Now that you have learned to draw BPMN, (Who… me?!) you will no doubt start looking for chances to use your new skill. First, take our word and try our BPMN Initiation Program: the Document Creation Process. It can be anything: daily reports, proposals, meeting documents, etc. Just make sure to imagine a process that will elicit the boss’s smile.

There can be many different examples, but a good sample might look like this:

“Ah, a peer review!“
In TV dramas the character would say, “I’ve finished the document you wanted,” and the boss would answer, “Good. By the way Mr. Tanaka…” But real life is never so easy.

When you hand in a finished draft, you more often than not are told about additional important points (for the first time), and when you fix that you will be told to enhance the layout design a little more, and then comes comments on typos, etc. There are too many organizations where this type of repetition is the norm.

When we aren’t so sure about ourselves we can ask a peer to review our work and utilize common expertise. At least it will increase the chance of getting the boss to smile.

Just to let you know, we didn’t consider the chance of no one accepting the reviewing task. Imagining such a merciless work environment would make the process way too complicated, in which case it would be better to design a process without a peer review in the first place!

“Wait a second… a new icon!“
Yes, a new character. But I think you get the basic idea of it. In short, an email is sent. This icon is pretty convenient. In this example it means an email is sent to peers for recruiting reviewers, although the icon itself does not explain who sends an email to whom. But, hey, that’s modeling. By the way, this is officially called a Message Throwing Intermediate Event, but you really don’t have to memorize the names.

As with natural languages and programming languages, it is important to begin by trying BPMN out. Forget about the exact grammar and official names. (If you have a lot of time on your hands, just remember that intermediate events have tramline borders, while start events have single narrow borders and end events have single bold borders.) BPMN-savvy people collectively call icons Flow Objects (events and tasks). Please beware. (Of the people or of the words?)

As with general rules and manuals, veteran employees usually don’t want to look at business processes drawn in BPMN. To be frank, they will not comply. After all, model diagrams are merely miniatures of reallife processes, and are hardly adequate to excite anyone who already does them everyday. And in some cases, employees will have their own way of doing things, and they don’t want to comply.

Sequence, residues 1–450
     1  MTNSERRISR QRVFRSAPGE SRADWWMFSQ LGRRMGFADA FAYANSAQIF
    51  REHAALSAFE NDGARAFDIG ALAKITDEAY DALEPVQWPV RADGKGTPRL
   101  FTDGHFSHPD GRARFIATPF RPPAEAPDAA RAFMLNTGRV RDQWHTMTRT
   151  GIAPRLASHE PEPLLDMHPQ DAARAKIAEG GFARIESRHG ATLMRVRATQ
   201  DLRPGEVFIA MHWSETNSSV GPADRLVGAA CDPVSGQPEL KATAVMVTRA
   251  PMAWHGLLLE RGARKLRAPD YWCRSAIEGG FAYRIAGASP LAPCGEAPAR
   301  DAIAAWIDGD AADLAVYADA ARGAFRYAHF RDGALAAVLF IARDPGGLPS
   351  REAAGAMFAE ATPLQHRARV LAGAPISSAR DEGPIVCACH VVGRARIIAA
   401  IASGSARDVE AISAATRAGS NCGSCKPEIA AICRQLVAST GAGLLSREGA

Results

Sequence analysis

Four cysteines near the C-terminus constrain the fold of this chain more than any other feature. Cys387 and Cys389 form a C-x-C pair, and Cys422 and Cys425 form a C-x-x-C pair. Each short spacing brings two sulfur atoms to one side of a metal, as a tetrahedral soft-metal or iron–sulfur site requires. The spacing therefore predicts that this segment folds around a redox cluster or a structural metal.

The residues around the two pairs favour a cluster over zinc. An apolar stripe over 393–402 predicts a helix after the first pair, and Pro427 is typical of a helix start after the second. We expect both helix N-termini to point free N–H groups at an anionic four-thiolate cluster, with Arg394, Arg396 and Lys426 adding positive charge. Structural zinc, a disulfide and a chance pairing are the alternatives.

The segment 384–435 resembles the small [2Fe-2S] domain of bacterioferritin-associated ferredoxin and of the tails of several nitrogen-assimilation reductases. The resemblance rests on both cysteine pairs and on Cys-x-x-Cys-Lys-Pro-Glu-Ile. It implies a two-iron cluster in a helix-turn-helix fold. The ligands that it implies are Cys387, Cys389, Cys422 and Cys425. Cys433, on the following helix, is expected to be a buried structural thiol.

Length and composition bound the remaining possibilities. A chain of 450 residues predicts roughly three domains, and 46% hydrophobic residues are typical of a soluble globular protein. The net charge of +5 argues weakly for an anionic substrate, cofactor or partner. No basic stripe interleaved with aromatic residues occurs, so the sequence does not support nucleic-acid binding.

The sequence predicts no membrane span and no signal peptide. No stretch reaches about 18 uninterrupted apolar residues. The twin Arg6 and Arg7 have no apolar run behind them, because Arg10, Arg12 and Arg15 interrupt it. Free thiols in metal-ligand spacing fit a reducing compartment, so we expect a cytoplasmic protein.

But BPMN diagrams don’t want to be filed away and forgotten. (You still there?) Especially if you worked hard at drawing them out. (Helloooo…?)

BPMN works best when implemented on work processes which are executed by many people in the same way , and in which roles are clear. To be specific, translation processes, quality check processes, and technical support processes are some good ones.

To put it clearly, if the effort improves something, it should be undertaken, but if it doesn’t, it shouldn’t.

When drawing business processes with BPMN, if the targeted process has few problems, there is less reason to draw it in BPMN. When you get used to it, drawing in BPMN becomes fun, but the act of drawing should never become the purpose. So let’s look at an inquiry-reaction process in which replies are too slow.


There is no upstream or downstream, no clear flow from one person to the nex — this almost doesn’t deserve to be called a business process. It has a lot of problems that
don’t even need BPMN to fix, but sadly, this is often reality. This is when mailboxes
become “Graveyards for tasks.”

What do you think? We made a business process in which the employee creates a reply with the help of the Technical department’s advice and the leader’s assessment. Defining business processes that do not allow tasks to be neglected is one of the duties of upper
management.

“There’s a letter inside the start icon (start event)!“
Oh, yes. In addition to voluntarily initiated processes, there are also processes that automatically start with an incoming message.

“So it’s okay to have two start icons!“
Think back to the train and tracks. It’s okay if there are multiple starting stations or terminal stations.

“A white letter and a black letter?“
You miss nothing. The details of this is explained in “BPMN for Beginners.” Basically, the white letter was written by Victor Hugo and the black letter by his publisher. (Are you mocking me?)

As we’ve explained so far, BPMN is a notation method for clearly illustrating real-life business processes. But perhaps you’ve noticed, some very important points are missing. For example, BPMN cannot recognize the format of the data to be handed down through tasks.

Also, it is often efficient for members executing upstream tasks to control the range of members for downstream tasks, but BPMN itself cannot clarify this. BPMN illustrates the overall framework, and doesn’t sweat over the small stuff.